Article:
Single target for pre-malignant bone marrow cancers?
Mechanisms that create healthy red blood cells can also start myelodysplasia (MDS) syndromes. MDS are pre-malignant blood disorders. In each, bone marrow stops producing an adequate number of healthy blood cells. Knowing the how and why of blood cell formation may possibly help interrupt these disorders.
MDS, or myelodysplasia syndromes are a group of cancers in which immature blood cells in the bone marrow do not mature to become healthy blood cells. MDS can lead to acute myeloid leukemia (AML), a fast-spreading blood cancer that can be deadly if not treated immediately.
The work appears in Nature Immunology, published online Dec. 26, 2016.
Research led by cancer biologist Daniel Starczynowski PhD, department of Cancer Biology at Cincinnati Children's Hospital Medical Center, found over production of one particular protein —TRAF6 — in hematopoietic (blood) cells initiates MDS.
TRAF6 normally functions as an immune sensor rooting out pathogens in our blood. However:
"We found TRAF6 over expression in mouse hematopoietic stem cells results in impaired blood cell formation leading to bone marrow failure.
"Based on our paper, a number of therapeutic approaches can be tested and directed against TRAF6 and related proteins responsible for MDS."
Daniel Starczynowski PhD, Division of Experimental Hematology and Cancer Biology, Cincinnati Children's Hospital Medical Center, Cincinnati, Ohio, USA.
Testing on mice as models for human MDS/AML, Starczynowski's researchers identified a new form of TRAF6 called hnRNPA1, which binds RNA proteins into a new structure. They also found molecular interactions with the protein Cdc42, which is involved in regulation of the cell cycle to bring about cell division and can thus promote cancers. These interactions could be a potential treatment targets for MDS.
Starczynowski intends in the future to test these targets in mice MDS models for possible human therapies. Researchers were only able to identify these molecular targets by conducting a global analysis of human leukemia cells, which allowed them to the see the entire complement of proteins regulated by TRAF6.
Beyond the potential for new therapeutic approaches to treat MDS or AML, the study reveals a critical immune-related function for TRAF6.
In addition to its response to various pathogens, TRAF6 regulates the conversion of single-stranded ribonucleic acid (RNA) into various mature RNA products such as mRNAs, tRNAs, and rRNAs all on their way to becoming proteins. Technically, the process is called RNA isoform expression.
TRAF6's regulate RNA isoform expression which is critical to the function of blood cells. But it may also be revealing another way cells respond to infection.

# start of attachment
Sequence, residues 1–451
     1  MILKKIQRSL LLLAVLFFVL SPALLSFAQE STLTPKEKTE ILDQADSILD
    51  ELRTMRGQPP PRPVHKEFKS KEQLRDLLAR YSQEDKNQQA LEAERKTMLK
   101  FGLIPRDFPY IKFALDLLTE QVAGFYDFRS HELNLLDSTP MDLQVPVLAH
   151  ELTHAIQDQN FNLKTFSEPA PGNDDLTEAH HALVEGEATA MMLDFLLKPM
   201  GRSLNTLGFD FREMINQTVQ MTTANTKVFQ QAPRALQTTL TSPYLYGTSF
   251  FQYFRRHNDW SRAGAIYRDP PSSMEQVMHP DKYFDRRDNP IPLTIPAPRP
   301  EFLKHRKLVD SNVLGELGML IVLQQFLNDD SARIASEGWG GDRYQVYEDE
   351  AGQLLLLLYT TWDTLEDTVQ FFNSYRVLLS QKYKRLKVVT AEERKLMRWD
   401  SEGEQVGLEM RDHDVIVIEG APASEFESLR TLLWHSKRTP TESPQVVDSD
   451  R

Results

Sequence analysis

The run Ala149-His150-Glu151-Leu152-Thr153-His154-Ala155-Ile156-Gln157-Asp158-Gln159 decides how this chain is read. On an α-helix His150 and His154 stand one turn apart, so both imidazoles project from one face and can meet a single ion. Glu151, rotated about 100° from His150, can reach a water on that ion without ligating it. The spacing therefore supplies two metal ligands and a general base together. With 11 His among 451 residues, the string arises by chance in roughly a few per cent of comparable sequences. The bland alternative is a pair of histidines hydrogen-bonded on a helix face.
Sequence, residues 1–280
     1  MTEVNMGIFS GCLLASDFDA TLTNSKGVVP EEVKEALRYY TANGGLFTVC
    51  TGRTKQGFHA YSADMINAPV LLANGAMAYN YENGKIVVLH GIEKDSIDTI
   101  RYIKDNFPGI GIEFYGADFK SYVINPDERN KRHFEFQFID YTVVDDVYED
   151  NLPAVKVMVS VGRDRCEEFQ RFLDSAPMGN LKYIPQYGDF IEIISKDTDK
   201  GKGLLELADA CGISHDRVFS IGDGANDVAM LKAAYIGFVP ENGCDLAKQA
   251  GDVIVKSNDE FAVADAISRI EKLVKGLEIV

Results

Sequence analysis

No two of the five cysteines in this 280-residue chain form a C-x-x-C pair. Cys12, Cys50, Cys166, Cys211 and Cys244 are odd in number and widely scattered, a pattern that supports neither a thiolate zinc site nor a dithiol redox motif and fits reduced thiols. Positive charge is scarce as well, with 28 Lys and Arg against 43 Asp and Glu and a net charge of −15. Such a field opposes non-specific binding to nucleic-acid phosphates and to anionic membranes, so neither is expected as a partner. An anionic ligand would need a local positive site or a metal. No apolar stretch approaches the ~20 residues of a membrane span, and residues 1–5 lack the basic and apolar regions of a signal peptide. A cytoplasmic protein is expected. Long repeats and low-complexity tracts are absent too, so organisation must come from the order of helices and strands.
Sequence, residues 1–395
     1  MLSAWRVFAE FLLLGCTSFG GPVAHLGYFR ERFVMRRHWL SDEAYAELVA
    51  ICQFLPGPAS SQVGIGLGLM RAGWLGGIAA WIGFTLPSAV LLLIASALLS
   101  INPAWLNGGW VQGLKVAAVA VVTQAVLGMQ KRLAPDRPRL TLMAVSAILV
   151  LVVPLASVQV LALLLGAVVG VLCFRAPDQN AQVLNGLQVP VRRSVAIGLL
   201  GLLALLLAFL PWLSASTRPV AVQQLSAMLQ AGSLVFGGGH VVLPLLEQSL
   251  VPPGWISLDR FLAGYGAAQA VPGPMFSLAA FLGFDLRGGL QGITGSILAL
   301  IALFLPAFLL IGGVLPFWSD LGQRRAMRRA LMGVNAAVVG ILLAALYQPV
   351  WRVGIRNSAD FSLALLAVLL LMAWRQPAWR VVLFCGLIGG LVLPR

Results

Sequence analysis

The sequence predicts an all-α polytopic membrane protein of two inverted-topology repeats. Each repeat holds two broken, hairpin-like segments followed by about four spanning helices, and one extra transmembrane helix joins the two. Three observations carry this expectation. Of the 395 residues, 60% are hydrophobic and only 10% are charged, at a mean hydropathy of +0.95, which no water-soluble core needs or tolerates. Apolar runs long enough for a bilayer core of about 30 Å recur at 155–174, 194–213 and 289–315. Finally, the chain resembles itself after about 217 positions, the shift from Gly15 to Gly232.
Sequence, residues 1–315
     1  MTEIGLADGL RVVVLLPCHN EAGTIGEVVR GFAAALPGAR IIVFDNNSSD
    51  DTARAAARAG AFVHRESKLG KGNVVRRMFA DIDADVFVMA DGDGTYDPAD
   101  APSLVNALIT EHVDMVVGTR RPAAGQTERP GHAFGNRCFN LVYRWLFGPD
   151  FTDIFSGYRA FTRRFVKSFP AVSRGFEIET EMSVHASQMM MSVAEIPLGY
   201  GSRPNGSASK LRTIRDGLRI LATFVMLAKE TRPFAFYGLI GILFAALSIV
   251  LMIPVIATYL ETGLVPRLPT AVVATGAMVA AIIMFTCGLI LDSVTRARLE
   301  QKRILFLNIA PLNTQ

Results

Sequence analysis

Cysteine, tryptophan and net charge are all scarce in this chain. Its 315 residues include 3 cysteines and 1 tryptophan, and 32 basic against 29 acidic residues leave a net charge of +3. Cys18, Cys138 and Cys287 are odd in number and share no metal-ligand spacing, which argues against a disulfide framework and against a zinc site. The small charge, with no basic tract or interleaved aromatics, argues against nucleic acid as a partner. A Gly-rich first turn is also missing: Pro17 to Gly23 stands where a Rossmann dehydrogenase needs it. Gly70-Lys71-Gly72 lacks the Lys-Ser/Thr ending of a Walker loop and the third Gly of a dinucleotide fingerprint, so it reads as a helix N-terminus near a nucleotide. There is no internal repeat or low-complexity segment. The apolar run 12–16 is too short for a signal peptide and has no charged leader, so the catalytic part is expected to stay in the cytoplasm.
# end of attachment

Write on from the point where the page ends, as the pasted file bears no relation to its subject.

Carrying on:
A single gene has the ability to produce multiple proteins, each different in structure and made up of unique components — a process regulated by splicing only mature RNA (mRNA) — which can then continue to diversify its protein output and create even more new proteins.
This process creates diversity in what is called the proteome, or the entire set of proteins made by all the genes in our body. The flexibility of this conversion of RNA into mRNA promotes cell energy. But, it may also be a response to attacks from pathenogens. Increasing the diversification of proteins may be allowing the body to create new antitoxin defenses.
Toll-like receptor (TLR) activation contributes to premalignant hematologic conditions, such as myelodysplastic syndromes (MDS). TRAF6, a TLR effector with ubiquitin (Ub) ligase activity, is overexpressed in MDS hematopoietic stem/progenitor cells (HSPCs). We found that TRAF6 overexpression in mouse HSPC results in impaired hematopoiesis and bone marrow failure. Using a global Ub screen, we identified hnRNPA1, an RNA-binding protein and auxiliary splicing factor, as a substrate of TRAF6. TRAF6 ubiquitination of hnRNPA1 regulated alternative splicing of Arhgap1, which resulted in activation of the GTP-binding Rho family protein Cdc42 and accounted for hematopoietic defects in TRAF6-expressing HSPCs. These results implicate Ub signaling in coordinating RNA processing by TLR pathways during an immune response and in premalignant hematologic diseases, such as MDS.
Contributing authors: Jing Fang, Lyndsey C Bolanos, Kwangmin Choi, Xiaona Liu, Susanne Christie, Shailaja Akunuru, Rupali Kumar, Dehua Wang, Xiaoting Chen, Kenneth D Greis, Peter Stoilov, Marie-Dominique Filippi, Jaroslaw P Maciejewski, Guillermo Garcia-Manero, Matthew T Weirauch, Nathan Salamonis, Hartmut Geiger, Yi Zheng & Daniel T Starczynowski
Key search terms: Leukaemia Toll-like receptors
Funding support for the study came in part from work Cincinnati Children's Hospital Research Foundation, the American Society of Hematology, the National Institute of Health (RO1HL111103, RO1DK102759, RO1HL114582), Gabrielle's Angel Foundation for Cancer Research, Edward P. Evans Foundation, and Leukemia Lymphoma Society.
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Jan 11, 2017 Fetal Timeline Maternal Timeline News News Archive
Healthy red blood cells
Image Credit: public domain